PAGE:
ACM Statement on Algorithmic Transparency and Accountability

Von Ernst O. Wilhelm.

Algorithms in Artificicial Intelligence (AI) are having increasing impacts on individuals and society with great benefits as well as potential harmful bias which needs to be addressed from the onset and not as afterthought. On May 25, 2017 the ACM U.S. Public Policy Council and the ACM Europe Council Policy Committee released a joint Statement on Algorithmic Transparency and Accountability which sets out the following set of principles which should guide every phase of system development and deployment to the extent necessary to minimize potential harms while realizing the benefits of algorithmic decision-making: 1) Awareness 2) Access and redress 3) Accountability 4) Explanation 5) Data Provenance 6) Auditability 7) Validation and Testing.

The Statement above was designed to be consistent with ACM’s Code of Ethics which is currently being updated.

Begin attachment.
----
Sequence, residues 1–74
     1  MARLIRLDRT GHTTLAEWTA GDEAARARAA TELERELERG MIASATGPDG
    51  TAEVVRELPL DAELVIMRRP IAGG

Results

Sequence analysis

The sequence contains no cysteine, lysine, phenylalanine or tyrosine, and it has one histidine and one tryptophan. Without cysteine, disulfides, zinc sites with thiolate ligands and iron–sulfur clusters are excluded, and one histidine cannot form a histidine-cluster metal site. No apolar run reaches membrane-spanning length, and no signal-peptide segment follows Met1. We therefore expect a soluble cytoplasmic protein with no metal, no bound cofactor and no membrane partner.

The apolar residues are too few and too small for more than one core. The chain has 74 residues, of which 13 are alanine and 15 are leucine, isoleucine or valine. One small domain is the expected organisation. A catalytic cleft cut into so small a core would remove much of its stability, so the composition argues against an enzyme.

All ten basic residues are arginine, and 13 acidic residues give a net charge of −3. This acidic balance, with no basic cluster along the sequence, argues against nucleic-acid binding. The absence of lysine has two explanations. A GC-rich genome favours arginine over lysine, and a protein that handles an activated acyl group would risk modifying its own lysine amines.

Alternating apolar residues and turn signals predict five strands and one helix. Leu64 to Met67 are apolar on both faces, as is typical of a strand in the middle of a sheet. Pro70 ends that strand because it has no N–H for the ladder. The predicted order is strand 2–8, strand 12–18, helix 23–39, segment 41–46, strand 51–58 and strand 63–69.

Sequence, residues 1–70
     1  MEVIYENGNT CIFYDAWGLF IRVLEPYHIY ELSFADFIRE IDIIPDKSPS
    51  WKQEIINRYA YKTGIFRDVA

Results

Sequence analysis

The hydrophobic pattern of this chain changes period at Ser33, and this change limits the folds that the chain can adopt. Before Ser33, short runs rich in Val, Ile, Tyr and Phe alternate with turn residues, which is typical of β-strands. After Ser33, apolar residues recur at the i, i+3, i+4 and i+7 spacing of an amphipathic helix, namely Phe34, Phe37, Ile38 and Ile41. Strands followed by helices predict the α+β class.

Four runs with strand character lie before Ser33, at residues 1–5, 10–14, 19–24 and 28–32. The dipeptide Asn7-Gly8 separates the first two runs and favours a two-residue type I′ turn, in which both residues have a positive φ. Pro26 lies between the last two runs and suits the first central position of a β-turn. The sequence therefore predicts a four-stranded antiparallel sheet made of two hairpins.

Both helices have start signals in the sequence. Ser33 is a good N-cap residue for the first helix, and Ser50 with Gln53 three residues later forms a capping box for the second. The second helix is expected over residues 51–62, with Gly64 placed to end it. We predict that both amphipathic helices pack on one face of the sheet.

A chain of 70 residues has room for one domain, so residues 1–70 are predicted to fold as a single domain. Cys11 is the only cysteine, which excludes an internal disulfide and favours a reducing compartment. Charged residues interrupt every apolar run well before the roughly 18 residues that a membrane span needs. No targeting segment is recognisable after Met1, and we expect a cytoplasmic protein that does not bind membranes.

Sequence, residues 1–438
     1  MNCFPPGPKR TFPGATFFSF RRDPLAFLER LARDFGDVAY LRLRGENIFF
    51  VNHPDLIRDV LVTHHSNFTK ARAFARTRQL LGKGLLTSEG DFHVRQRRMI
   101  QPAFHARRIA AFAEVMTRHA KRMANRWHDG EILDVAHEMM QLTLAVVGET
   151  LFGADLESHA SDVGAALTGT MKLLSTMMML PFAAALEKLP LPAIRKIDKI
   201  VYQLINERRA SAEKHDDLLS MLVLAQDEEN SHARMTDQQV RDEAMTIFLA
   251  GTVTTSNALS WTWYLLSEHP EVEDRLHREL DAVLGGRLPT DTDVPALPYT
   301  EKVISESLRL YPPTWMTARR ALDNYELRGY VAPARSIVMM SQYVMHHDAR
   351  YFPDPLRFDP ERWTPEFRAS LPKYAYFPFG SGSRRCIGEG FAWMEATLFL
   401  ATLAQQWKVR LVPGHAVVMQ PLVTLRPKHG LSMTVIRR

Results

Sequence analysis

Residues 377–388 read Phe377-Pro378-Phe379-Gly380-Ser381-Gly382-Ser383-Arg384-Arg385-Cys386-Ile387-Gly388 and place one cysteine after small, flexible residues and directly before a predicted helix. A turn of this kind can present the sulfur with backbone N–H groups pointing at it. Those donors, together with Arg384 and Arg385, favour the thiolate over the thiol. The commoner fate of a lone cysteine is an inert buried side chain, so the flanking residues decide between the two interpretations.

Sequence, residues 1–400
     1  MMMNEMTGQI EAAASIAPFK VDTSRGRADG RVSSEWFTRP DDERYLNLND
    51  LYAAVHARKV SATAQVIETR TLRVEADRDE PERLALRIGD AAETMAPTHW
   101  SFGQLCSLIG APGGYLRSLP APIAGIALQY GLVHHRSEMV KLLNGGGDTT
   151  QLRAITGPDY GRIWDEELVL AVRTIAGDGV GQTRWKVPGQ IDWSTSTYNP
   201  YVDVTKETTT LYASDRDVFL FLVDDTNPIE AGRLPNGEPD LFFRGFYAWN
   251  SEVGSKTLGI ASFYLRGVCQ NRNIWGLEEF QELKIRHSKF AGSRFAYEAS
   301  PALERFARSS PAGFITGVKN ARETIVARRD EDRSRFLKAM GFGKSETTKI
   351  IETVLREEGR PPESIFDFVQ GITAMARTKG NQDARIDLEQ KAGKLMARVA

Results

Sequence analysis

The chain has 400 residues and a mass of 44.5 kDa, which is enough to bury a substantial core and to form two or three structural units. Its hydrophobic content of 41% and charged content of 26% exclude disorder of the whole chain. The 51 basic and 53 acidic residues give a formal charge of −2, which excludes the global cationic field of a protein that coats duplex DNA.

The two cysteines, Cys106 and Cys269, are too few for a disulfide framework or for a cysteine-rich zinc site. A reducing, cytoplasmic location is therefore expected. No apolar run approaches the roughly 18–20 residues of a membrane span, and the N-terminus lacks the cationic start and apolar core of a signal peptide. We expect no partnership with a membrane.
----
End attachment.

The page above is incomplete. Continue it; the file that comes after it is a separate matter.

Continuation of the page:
Since more than 30 years Ernst O. Wilhelm has devoted himself to matters of software development and IT management in general and since 15 years to matters of data protection and security in particular. He started his career with a diploma (comparable to a master’s degree) in computer science from Technical University Berlin, today he is serving as Chief Privacy Officer for GFT Technologies SE and responsible for the worldwide data protection programme of the GFT group. His special interest is focused on raising the awareness for the necessity of data protection and security as indispensable prerequisites for digitalization as well as a stronger interlocking of legal and technical considerations to foster data protection by design and by default. Ernst O. Wilhelm is active in the computer science and data protection community on national and international level: He is a longstanding member of the German Informatics Society (GI) where he is among others member of the presidium and the working group on matters of data protection and IT security. In addition, he is member of the executive board of the German Chapter of the Association for Computing Machinery (ACM). Moreover, he is associated with the German Association of Law and Informatics (DGRI) and longstanding member of the German Association for Data Protection and Data Security (GDD) of which he holds a certification in privacy management (GDDcert). Furthermore, Mr. Wilhelm is associate of the scientific committee and honorary member of the Association of Data Protection Officers in Italy (ASSO DPO). Last but not least, Mr. Wilhelm is member of the International Training Faculty and European Advisory Board as well as chair of the KnowledgeNet Stuttgart of the International Association of Privacy Professionals (IAPP). He is an accredited Fellow of Information Privacy (FIP) and holder of the CIPP/E, CIPM and CIPT credentials of the IAPP.

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